Pediatric Physical Therapy published interesting research comparing 8 children with proficient handwriting and 8 children with non proficient handwriting. All of the children did not have a history of motor or cognitive issues. Each child was tested for kinesthetic sensitivity, discriminate tactile awareness, diadochokinesia, stereognosis, and graphesthesia. Following statistical analysis, the two groups did show a significant difference in handwriting legibility. The was no differences between the two groups in kinesthetic sensitivity or other measures of sensation.
Do you find this is true based on your experiences? I have found that children with poor kinesthetic awareness usually have motor skill delays include handwriting deficits. The researchers did conclude that a limitation of the study is the small sample size but it still makes you think...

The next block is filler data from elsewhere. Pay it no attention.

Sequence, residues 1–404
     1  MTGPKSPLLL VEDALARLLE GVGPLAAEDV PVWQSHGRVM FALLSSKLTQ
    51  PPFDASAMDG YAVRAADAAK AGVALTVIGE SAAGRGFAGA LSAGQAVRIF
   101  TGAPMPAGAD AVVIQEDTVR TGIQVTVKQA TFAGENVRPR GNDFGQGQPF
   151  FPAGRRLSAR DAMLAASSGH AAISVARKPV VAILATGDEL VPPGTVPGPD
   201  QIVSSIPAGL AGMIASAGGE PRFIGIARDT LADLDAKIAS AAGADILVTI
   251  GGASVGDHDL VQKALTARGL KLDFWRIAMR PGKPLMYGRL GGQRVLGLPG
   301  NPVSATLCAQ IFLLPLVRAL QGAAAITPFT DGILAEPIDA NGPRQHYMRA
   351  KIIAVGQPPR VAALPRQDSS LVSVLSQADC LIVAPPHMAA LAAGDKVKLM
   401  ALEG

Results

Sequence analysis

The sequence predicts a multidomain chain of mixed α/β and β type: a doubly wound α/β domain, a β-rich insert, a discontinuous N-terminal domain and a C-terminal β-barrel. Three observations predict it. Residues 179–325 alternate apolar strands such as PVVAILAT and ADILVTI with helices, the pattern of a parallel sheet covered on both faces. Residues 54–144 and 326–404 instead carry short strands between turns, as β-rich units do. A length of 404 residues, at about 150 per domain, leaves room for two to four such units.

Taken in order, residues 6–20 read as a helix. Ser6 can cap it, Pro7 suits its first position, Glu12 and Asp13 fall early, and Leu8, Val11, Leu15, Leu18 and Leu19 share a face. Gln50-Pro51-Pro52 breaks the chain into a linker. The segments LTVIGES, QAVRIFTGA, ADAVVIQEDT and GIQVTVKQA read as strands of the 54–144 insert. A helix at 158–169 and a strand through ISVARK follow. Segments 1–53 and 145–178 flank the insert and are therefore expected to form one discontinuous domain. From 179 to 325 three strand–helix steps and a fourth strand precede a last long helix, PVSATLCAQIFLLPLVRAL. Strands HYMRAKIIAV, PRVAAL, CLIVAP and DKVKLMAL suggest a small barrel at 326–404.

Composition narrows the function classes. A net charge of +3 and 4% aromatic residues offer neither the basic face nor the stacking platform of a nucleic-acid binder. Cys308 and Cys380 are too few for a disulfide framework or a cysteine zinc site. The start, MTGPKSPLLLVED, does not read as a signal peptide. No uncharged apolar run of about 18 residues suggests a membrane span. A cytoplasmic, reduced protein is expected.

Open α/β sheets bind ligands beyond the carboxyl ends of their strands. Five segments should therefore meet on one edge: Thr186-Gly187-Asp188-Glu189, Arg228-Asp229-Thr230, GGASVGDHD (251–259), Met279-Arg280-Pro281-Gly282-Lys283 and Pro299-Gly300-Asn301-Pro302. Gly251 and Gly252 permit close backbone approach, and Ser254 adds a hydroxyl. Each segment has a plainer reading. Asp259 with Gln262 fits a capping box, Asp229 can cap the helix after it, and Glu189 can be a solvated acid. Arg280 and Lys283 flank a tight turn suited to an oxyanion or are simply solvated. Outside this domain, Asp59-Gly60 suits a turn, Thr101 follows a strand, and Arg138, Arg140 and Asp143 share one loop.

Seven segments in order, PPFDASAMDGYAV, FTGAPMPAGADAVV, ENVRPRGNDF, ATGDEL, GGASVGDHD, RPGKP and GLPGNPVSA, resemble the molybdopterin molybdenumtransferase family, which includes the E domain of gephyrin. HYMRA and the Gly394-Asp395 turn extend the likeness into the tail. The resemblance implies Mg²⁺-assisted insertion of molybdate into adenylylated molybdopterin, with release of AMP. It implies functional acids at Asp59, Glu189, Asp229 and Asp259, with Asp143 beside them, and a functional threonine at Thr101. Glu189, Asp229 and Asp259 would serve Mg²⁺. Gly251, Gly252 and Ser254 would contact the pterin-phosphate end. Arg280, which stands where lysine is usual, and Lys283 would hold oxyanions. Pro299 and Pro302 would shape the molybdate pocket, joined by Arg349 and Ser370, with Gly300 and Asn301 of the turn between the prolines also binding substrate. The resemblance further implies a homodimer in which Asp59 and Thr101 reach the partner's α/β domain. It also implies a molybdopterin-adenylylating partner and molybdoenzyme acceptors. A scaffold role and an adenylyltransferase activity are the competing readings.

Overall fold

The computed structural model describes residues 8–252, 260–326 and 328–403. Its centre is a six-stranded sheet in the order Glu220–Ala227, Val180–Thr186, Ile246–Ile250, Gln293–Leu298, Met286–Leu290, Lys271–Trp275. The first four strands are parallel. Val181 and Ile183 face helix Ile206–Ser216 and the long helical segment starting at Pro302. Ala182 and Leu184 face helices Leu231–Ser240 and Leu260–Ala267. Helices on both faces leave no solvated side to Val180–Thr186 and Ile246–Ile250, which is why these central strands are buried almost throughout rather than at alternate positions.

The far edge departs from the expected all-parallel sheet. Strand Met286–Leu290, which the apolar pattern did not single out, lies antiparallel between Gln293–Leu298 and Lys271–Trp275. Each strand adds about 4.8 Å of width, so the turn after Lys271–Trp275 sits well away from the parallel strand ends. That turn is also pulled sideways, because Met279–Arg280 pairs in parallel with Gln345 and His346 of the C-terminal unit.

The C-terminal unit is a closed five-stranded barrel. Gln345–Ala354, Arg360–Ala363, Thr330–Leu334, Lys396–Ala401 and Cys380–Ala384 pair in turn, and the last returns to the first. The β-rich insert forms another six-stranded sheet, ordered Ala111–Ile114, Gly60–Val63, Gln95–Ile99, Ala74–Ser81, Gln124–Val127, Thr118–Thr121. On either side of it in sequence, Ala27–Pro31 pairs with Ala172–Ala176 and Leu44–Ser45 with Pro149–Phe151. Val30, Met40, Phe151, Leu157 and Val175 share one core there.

Reference: Brink, Anne O'Leary PT; Jacobs, Anne Burleigh PT, PhD Kinesthetic Sensitivity and Related Measures of Hand Sensitivity in Children With Nonproficient Handwriting Pediatric Physical Therapy: Spring 2011 - Volume 23 - Issue 1 - p 88–94